The fact that the bird prevented Māui from thwarting death in the popular tale may also be the origin of the idea that a fantail’s presence in a home signals a death in the household, according to Stewart’s review of Māori animal knowledge, published in September in the journal Anthrozoös.

When Europeans arrived in New Zealand, they learned of the fantail’s association with death and ignored nuances in the bird’s overall significance. Such misinterpretations by outsiders were common in the past when it came to mātauranga, or Māori traditional knowledge, Stewart says. “There’s not a very huge Māori vocabulary, so that enabled Europeans to be very derogatory,” says Stewart. “But the reality is that the way Māori works, there are so many layers to every word.

New Zealand fantails may be pied or, less commonly, black [left]; a 10-foot-tall carving depicts the Māori forest god Tāne, from whom all living things descend [right].
New Zealand fantails may be pied or, less commonly, black [left]; a 10-foot-tall carving depicts the Māori forest god Tāne, from whom all living things descend [right]. J. G. Keulemans/ Wikimedia Commons/ CC BY-SA 3.0 NZ DEED; Avenue/ Wikimedia Commons/ CC0 1.0 DEED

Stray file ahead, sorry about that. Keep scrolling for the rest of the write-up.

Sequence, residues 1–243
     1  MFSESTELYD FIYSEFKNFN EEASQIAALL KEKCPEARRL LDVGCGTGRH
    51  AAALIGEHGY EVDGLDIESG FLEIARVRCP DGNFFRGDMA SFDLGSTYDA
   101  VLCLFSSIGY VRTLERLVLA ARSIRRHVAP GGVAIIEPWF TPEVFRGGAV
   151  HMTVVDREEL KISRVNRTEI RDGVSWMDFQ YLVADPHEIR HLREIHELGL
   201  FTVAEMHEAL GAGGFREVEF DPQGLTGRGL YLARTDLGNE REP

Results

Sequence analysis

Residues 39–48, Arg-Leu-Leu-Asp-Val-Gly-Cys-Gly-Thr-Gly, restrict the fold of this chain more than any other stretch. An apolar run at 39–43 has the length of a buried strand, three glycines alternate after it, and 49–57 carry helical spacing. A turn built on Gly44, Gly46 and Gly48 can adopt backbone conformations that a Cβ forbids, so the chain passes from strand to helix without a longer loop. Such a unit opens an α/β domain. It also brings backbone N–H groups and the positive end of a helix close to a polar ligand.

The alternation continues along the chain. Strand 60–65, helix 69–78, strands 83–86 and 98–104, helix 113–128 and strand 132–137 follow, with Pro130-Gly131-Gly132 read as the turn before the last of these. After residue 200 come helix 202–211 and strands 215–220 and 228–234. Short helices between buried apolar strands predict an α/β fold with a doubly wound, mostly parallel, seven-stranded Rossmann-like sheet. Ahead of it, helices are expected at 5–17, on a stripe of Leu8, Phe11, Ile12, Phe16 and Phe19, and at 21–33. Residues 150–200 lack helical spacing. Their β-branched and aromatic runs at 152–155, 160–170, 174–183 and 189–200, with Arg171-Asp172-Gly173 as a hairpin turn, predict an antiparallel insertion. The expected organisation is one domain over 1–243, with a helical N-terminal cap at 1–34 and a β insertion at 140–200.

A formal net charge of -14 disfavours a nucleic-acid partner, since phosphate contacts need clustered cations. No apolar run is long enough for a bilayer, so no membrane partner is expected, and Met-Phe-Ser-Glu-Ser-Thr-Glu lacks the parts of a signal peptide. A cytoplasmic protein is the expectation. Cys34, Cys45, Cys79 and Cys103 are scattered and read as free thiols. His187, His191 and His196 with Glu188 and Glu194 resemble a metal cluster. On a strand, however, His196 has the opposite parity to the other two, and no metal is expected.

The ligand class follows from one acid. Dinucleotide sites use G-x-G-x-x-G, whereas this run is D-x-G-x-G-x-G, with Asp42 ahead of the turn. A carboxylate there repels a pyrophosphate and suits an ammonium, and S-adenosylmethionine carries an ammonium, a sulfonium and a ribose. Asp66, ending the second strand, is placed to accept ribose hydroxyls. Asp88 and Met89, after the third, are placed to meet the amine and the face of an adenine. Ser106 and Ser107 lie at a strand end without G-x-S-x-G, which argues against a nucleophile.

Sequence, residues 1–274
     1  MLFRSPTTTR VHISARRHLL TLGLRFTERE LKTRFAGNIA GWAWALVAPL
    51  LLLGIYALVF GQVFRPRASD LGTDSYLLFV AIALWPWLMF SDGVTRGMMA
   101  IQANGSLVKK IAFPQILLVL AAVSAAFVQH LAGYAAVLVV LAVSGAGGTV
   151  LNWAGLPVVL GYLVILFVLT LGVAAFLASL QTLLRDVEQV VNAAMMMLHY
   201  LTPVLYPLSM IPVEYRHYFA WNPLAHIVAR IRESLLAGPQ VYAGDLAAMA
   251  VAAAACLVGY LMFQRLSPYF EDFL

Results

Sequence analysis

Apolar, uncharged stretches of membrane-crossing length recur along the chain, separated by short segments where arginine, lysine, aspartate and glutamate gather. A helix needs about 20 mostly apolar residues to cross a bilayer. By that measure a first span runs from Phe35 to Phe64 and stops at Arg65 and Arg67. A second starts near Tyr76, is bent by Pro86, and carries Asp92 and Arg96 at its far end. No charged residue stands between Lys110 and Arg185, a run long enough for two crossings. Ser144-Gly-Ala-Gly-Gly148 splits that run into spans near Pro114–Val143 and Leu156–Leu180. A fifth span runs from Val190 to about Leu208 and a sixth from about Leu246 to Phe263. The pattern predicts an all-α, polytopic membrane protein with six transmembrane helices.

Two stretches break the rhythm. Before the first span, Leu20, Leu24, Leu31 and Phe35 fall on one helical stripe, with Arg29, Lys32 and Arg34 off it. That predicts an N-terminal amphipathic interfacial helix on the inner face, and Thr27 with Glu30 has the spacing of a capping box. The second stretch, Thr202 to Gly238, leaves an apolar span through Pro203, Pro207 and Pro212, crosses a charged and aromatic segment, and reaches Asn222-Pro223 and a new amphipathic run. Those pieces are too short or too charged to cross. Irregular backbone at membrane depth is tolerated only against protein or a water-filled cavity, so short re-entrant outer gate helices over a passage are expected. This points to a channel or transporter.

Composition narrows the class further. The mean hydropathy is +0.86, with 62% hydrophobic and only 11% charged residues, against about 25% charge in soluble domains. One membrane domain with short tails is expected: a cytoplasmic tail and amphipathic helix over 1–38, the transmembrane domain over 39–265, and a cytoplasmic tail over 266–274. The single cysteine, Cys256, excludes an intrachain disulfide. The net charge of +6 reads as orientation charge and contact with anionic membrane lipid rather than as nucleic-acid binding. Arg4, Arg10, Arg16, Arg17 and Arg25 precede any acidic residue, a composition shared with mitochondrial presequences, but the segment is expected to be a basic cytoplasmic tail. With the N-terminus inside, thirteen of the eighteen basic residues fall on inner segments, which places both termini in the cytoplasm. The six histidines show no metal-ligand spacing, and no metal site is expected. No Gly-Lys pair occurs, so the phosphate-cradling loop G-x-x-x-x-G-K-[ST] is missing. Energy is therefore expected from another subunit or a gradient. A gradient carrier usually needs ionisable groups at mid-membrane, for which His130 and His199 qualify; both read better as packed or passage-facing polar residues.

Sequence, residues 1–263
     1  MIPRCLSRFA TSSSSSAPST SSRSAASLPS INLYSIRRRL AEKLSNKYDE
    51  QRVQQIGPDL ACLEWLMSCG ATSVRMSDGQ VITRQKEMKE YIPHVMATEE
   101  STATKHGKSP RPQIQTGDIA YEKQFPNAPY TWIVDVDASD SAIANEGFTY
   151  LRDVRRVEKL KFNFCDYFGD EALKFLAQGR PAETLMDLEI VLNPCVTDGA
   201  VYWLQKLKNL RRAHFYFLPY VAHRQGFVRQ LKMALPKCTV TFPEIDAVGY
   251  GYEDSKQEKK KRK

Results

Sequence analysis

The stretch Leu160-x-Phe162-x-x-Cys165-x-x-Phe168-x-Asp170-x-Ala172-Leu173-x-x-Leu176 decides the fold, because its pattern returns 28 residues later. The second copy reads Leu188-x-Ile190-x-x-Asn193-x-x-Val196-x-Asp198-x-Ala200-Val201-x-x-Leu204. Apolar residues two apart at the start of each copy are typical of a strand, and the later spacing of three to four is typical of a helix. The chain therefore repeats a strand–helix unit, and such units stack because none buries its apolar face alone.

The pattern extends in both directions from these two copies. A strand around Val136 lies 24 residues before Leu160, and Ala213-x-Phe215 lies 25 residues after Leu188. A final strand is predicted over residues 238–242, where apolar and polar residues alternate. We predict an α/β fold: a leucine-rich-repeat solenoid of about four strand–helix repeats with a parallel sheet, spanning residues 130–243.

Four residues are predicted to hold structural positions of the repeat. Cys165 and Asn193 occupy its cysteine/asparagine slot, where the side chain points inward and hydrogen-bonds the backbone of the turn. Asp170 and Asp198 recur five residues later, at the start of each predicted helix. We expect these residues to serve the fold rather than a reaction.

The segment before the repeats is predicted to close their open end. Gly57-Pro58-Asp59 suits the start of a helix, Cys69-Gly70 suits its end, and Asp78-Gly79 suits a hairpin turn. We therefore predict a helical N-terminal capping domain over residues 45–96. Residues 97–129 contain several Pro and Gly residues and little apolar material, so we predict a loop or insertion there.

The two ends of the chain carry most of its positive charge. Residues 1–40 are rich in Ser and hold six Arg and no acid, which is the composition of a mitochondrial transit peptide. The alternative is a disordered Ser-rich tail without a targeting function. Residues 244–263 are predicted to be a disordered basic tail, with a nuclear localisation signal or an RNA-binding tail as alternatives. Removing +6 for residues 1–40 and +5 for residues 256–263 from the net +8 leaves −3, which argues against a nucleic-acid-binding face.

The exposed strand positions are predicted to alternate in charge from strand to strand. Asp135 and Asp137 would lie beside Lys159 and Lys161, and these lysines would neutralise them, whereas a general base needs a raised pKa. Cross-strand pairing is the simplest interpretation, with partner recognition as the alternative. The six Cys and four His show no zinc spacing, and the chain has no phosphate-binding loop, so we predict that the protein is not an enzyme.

While birds, as well as trees and humans, are all descendants of the god Tāne, and therefore related to each other, the Māori have always had a special connection with manu, winged animals that include birds as well as bats, butterflies, and other flying creatures, Stewart says. In mātauranga, manu connect the human and spirit realms. “Different birds were seen as being able, in different ways, to almost pierce the veil between the living world of humankind and those more obscure worlds,” she says. The fantail in particular has long been thought of as a messenger.

The significance of the message the fantail delivers varies, however. On TikTok, Reddit, and other social media platforms, people have shared a wide range of beliefs about the bird. In August, Samoan and Māori rugby player Shiray Kaka asked her followers what fantails symbolize to their families. Responses from people who self-identify as Māori described the bird as a sign of good things to come, an omen of death, or a deceased loved one stopping by—a tradition that’s similar to some regional North American beliefs about a crimson-colored northern cardinal showing up in your backyard. Where and how the fantail enters the home, its behavior, and many other details are sometimes interpreted as clues to the reason for its visit.